You can’t argue with his logic. Every other time we dole out money for something, we pay more when we get more. You want more features with your car? You want a faster processor in your laptop? No problem, just reach a little deeper into your wallet.

The problem, says Jarvis, is this:

Now I’ll tell you why my reverse meter won’t work: When I spoke with all our journalism students at CUNY about their business ideas on Friday, I asked how many had hit the Times pay wall — many — and how many had paid — few. Abundance remains the enemy of payment. There’s always someplace else to get the news.

That’s a lame excuse, though. With their illogical paywalls, newspaper publishers seems to acknowledge Jarvis’s point: Most of what they create is a commodity, yet they whine that consumers won’t pay for for it. Back in the good old pre-Internet days, when the dynamics of print-newsspaper distribution meant that consumers had to pick among the two or three papers, publishers could get away with charging for undifferentiated products.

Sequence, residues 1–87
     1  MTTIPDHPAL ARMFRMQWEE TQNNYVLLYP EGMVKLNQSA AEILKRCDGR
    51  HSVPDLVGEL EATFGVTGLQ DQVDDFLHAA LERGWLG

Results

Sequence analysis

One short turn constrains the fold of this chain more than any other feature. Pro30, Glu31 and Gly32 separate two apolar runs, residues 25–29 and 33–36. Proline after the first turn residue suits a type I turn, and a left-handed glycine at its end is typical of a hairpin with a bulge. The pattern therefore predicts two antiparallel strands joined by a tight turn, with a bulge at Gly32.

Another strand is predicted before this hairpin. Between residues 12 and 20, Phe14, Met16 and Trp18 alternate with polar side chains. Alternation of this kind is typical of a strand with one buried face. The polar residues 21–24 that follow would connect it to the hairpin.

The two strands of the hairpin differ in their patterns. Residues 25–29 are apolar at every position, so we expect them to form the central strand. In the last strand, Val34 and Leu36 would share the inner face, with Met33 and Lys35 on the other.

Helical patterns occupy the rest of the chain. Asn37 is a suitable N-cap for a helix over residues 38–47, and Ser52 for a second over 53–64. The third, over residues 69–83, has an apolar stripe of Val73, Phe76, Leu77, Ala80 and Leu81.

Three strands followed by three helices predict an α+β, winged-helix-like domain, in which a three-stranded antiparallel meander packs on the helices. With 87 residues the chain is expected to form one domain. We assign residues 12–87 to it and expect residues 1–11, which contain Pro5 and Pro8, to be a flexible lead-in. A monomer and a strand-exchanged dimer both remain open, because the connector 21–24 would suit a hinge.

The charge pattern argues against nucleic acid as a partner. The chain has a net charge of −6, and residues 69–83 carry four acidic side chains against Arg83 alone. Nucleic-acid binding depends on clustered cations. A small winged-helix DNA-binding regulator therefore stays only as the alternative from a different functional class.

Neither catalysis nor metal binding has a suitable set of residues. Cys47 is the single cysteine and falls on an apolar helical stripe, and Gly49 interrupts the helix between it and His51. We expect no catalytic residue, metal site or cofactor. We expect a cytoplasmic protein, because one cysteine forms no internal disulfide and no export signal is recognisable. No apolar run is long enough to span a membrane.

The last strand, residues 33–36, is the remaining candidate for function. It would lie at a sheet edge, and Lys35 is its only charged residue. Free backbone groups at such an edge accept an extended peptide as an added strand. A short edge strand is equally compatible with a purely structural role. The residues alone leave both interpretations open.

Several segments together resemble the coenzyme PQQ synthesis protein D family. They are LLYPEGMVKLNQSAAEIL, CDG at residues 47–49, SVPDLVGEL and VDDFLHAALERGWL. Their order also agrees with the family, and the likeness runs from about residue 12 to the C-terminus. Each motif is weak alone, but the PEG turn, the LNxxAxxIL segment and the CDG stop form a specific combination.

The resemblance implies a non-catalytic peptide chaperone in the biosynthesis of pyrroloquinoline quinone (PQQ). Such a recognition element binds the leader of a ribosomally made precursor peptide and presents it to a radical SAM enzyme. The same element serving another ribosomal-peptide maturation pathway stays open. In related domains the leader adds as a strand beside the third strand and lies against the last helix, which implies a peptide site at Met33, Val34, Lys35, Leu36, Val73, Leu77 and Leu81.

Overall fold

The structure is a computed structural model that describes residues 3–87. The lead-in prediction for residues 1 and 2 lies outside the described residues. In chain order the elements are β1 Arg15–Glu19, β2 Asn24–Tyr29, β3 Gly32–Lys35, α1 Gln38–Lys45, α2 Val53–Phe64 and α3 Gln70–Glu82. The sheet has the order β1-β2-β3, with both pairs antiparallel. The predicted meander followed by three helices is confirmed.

Now that that’s changed, why not abandon (or license) all the common content and focus resources on what each paper can do uniquely well? Two good things will happen. One, publishers will stand a better chance of selling subscriptions if they create something readers can’t get anywhere else. Two, the expenses associated with making all the undifferentiated, overabundant stuff will go away, so the ad model stands a much better chance of covering costs.

College Kids Three Times More Likely to Watch TV Online vs Basic Cable

Full report at eMarketer.

How to Keep Bullies from Eating Your McDonalds Fries

After Burger King called this German spot “degrading” to its brand, McDonalds agreed not to air it on TV. It remains available on YouTube. I wonder if that was the plan from the start.

More at Ad Age.

X-Ray App Lets You See Moosejaw Models in Their Underwear, Boosts Sales 37%

Moosejaw X-Ray App from Gary Wohlfeill on Vimeo.

The app enables Moosejaw catalog readers to look through the models’ clothes to see what they are wearing underneath. In five weeks 75,000 people downloaded the app. For a catalog with an average distribution of 120,000 copies, that says two-thirds of their readers used the app.